Owners of stores caught selling tobacco to minors now face fines

Businesses could also have their tobacco licenses suspended under the ordinance that affects retailers in unincorporated areas of the county

dsneed@thetribunenews.comMay 13, 2014 

Business owners in the county will face fines and possible suspension of their tobacco sales licenses if they are caught selling tobacco to minors, under new rules approved Tuesday. 

Retail businesses caught selling tobacco to underage decoys now will go through an administrative hearing procedure conducted by Dr. Penny Borenstein, county health officer, rather than being prosecuted by the district attorney. County supervisors approved the change at their Tuesday meeting.

Borenstein said the county ordinance needed to be revised because the district attorney has been unwilling to prosecute business owners, largely because of the inability to prove intent on their part to sell to minors. As a result, only store clerks have been fined from $200 to $1,000 for selling cigarettes to minors.

Sheriff Ian Parkinson said the goal of the new rule is to reduce violations rather than punish retailers. Deputies from his office supervise the decoys carrying out compliance checks.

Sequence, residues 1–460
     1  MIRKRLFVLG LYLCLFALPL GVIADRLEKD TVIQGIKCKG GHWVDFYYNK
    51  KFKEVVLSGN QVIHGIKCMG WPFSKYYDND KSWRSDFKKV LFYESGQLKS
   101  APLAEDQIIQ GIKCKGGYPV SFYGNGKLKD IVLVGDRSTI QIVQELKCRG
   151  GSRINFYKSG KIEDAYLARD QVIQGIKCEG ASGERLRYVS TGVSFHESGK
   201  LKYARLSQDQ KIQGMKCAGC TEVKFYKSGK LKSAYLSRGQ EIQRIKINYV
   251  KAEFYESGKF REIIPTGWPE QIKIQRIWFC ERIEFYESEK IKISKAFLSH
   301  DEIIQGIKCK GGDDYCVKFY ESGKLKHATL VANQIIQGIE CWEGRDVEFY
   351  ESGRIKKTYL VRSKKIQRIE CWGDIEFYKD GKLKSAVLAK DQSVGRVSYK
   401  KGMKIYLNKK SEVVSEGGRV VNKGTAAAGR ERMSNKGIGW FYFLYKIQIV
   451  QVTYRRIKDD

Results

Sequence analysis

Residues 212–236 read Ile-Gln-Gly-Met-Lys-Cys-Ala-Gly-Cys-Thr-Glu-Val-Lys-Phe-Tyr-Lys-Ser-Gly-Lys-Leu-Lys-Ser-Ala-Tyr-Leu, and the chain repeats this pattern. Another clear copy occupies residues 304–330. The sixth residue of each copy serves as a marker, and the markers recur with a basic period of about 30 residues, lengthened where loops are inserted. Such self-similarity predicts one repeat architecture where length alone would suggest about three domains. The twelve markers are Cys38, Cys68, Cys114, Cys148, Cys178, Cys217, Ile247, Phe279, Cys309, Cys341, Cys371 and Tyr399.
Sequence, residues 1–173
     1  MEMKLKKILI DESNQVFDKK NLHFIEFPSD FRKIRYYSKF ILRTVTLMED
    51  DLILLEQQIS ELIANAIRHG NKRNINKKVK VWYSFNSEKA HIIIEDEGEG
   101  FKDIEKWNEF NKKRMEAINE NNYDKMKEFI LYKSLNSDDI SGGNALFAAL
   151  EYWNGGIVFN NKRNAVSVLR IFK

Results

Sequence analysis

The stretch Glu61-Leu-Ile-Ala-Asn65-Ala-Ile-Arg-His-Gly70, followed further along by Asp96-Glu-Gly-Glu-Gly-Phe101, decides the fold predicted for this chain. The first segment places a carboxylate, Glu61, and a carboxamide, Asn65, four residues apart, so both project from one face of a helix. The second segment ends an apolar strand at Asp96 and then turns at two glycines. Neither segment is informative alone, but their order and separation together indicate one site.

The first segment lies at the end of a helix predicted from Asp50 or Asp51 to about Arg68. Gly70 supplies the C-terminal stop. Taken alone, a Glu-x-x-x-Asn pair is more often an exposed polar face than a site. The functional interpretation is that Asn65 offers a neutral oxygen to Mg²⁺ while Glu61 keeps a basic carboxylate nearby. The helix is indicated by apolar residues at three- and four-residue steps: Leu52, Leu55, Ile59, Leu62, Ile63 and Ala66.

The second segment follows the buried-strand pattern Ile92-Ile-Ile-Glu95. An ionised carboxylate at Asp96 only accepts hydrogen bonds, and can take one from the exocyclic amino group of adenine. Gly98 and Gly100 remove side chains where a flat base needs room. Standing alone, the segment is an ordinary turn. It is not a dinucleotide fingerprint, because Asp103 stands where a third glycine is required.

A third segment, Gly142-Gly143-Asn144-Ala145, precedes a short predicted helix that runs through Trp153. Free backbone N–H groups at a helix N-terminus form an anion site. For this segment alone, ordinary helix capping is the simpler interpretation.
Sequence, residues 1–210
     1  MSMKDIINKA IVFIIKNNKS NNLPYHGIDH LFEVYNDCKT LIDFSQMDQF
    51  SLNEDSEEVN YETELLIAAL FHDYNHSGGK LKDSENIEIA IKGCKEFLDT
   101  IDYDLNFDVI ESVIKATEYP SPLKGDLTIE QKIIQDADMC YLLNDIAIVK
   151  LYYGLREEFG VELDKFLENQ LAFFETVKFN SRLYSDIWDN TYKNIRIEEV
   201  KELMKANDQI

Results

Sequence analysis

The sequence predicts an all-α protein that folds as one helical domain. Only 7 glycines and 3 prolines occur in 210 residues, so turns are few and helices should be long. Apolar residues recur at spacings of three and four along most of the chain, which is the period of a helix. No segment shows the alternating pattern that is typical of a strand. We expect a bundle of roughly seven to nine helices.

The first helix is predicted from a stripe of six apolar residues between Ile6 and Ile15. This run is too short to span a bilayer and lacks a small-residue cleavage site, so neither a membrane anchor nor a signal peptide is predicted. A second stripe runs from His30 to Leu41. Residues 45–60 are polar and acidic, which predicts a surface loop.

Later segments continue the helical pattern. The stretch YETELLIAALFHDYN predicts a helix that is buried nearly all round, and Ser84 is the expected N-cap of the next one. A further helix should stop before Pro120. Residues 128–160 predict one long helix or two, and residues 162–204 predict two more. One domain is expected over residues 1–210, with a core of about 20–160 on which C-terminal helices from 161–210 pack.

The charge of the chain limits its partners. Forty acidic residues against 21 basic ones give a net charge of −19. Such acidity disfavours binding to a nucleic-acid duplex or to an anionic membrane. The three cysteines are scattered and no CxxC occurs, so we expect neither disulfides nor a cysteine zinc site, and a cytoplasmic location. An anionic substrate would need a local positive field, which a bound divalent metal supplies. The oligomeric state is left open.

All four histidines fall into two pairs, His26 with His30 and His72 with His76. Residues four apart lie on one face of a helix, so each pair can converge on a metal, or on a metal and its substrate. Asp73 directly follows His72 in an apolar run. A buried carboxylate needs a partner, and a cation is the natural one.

Under the new rules, business owners will be fined $1,000 for the first violation and will have their tobacco licenses suspended for 30 days. 

However, an owner can apply to Borenstein to have the suspension rescinded if the business completes a diversion program that consists of onsite employee education about the rules governing tobacco sales.

“I intend to fully utilize this option because I want people to take advantage of the educational opportunities,” Borenstein said.

Subsequent violations of the rules will result in additional fines and suspensions until, on the fourth violation, the retailer would lose its tobacco license for a year. Cities in the county, including San Luis Obispo, Arroyo Grande and Grover Beach, have similar programs.

Borenstein said businesses make substantial amounts of money off tobacco sales. As a result, she expects the diversion program to be a popular option with retailers.

“As a case in point, a prominent retail chain in the city of San Luis Obispo negotiated a $14,000 fine with the city attorney rather than lose their ability to sell tobacco for 30 days,” Borenstein said.

There are about 55 tobacco retailers in unincorporated areas of the county. From June 2012 to August 2013, 267 compliance checks were conducted, with 29 stores selling tobacco to minors.

The new rules are expected to generate $12,000 to $15,000 per year in revenue from fines.

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